10 Tips for preparing for the Income Tax pay and file deadline

10 Tips for preparing for the Income Tax pay and file deadline

While the income tax deadline of 31 October might seem a while away at this stage, we find that with catching up after the summer holidays and back to school, the deadline creeps up very quickly on people each year. Some early preparation can help take some of the pressure out of an otherwise stressful task. Here are some tips to help put you in pole position when it comes to deadline time.


1. Check ROS & Your Obligations

If you have a tax agent, they will be linked to you on ROS.

If you file your own return, make sure that your ROS Digital Certificate has not expired and that you remember your password to access it.

Remember that your certificate is linked to your computer so if you changed your computer during the year it is particularly important to check your certificate.

2. Avoid Penalties

File on time to avoid penalties for late filing.

To avail of the extended pay and file online deadline – i.e. 16 November 2022 for 2021 returns – the taxpayer must pay the balance of income tax due for 2021 and the appropriate preliminary tax for 2022 on line by the extended deadline. If one does not file by 31 October and then realises they do not have sufficient funds to make the payments by the extension date, penalties for late filing of returns – as well as interest on late payments – can be applied.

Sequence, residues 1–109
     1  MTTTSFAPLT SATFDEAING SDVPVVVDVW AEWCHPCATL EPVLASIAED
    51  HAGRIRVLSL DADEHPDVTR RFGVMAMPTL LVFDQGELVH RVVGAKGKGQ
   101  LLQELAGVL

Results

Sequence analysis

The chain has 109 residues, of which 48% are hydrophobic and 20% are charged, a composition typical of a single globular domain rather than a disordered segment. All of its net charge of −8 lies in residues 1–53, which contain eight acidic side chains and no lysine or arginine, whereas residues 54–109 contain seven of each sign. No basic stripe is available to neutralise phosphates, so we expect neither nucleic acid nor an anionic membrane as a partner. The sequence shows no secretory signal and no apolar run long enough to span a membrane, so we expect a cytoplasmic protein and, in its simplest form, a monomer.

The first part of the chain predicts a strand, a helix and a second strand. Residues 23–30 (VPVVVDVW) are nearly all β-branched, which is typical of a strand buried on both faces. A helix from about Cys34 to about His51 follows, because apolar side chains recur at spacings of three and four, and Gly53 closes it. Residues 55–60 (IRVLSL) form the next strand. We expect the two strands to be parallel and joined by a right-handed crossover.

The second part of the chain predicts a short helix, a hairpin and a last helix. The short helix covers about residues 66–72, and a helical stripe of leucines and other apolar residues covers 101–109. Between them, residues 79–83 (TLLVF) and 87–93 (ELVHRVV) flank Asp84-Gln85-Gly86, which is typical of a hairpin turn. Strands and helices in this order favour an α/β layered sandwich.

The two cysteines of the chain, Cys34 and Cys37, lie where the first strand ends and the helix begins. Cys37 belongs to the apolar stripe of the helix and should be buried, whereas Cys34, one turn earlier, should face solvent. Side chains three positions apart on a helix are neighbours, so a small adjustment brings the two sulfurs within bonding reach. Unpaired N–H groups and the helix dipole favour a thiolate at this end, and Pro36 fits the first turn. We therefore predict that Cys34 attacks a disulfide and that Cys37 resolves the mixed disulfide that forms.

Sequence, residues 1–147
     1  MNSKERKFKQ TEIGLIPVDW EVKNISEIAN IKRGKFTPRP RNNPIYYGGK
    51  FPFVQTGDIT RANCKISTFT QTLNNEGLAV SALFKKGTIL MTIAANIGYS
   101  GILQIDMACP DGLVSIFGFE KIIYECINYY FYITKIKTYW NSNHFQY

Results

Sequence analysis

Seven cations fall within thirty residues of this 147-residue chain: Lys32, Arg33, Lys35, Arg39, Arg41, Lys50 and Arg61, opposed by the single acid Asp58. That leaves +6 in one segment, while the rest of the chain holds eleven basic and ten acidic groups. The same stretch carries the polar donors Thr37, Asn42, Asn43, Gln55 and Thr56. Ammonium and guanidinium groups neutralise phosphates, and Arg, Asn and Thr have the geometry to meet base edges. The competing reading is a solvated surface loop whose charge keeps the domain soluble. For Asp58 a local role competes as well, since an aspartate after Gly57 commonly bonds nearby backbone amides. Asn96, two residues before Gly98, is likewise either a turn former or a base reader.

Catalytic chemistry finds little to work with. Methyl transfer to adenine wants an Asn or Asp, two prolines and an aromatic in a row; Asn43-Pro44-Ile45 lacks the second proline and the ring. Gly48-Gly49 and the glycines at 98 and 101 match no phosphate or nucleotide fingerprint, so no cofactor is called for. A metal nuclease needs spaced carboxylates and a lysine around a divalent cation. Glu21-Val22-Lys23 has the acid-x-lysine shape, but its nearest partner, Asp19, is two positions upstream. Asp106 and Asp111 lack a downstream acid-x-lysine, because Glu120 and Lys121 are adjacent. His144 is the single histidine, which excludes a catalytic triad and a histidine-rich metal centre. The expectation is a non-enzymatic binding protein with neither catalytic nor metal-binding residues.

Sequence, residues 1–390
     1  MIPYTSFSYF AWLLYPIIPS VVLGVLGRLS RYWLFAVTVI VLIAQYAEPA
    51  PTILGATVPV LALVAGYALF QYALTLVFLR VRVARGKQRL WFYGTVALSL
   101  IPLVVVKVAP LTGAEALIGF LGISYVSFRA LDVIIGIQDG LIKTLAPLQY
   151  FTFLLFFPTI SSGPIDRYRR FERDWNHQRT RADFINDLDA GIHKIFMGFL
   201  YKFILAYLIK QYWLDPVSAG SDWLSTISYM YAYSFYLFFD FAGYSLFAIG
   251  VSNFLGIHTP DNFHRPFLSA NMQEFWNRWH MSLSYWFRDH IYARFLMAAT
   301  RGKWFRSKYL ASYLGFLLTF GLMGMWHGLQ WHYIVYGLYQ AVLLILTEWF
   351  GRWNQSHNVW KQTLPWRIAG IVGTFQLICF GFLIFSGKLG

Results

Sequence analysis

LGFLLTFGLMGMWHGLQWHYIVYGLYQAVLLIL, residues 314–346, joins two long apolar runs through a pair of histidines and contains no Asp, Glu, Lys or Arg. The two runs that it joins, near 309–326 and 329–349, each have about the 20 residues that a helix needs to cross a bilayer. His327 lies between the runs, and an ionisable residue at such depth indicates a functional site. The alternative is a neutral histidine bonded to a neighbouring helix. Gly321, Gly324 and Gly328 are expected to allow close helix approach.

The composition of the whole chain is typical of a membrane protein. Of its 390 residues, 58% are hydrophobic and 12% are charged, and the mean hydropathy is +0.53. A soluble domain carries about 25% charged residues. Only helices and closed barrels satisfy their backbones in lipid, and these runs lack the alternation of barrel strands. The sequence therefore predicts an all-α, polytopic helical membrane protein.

3. Check your entitlements to tax credits

The most commonly overlooked credits include the home carers credit, incapacitated child credit and one parent family credit.

4. Medical Expenses

If you have qualifying medical expenses, gather the information and include on your return. Remember that a Form Med2 is required in respect of claims relating to non-routine dental treatment.

If you have a particular pharmacy that you use for medication they may have a copy of all your receipts for the year on their system. So they may be able to retrieve any mislaid receipts.

5. Consider what costs are deductible

This is relevant if you are self-employed or have rental income or if you are an employee. Taking a deduction for all allowable costs obviously reduces your taxable income but claiming costs that are not allowable can be expensive in terms of interest and penalties, if the error subsequently comes to light.

6. Pension / Permanent Health Insurance

Consider if there is scope to make a pension top up by the deadline date in respect of which relief can be claimed on your 2021 tax return.

Contributions to PHI policies qualify for tax relief but are often overlooked.


If you made an investment in 2021 check that you have received the relevant certificate to claim relief.

If you made an investment in 2017 check if you are entitled to claim the remaining 25% of the relief and, if so, obtain the appropriate certificate to claim.

8. Disclose income and gains from all relevant sources

It sounds obvious but very often income from some sources get overlooked, e.g. deposit interest income, dividends, as does disclosure of disposals for Capital Gains Tax purposes.

9. Local Property Tax (LPT)

Check that your LPT affairs are up to date. If not, an LPT based surcharge may be applied to your tax return.

10. Consider if you need a tax agent

Not always necessary but sometimes not having one can be a false economy. Beware of “bar stool” tax advice. Tax treatments can be based on very specific circumstances and what might be good for the goose might not be good for gander!

Content adapted from DCU Business School Alumni Newsletter.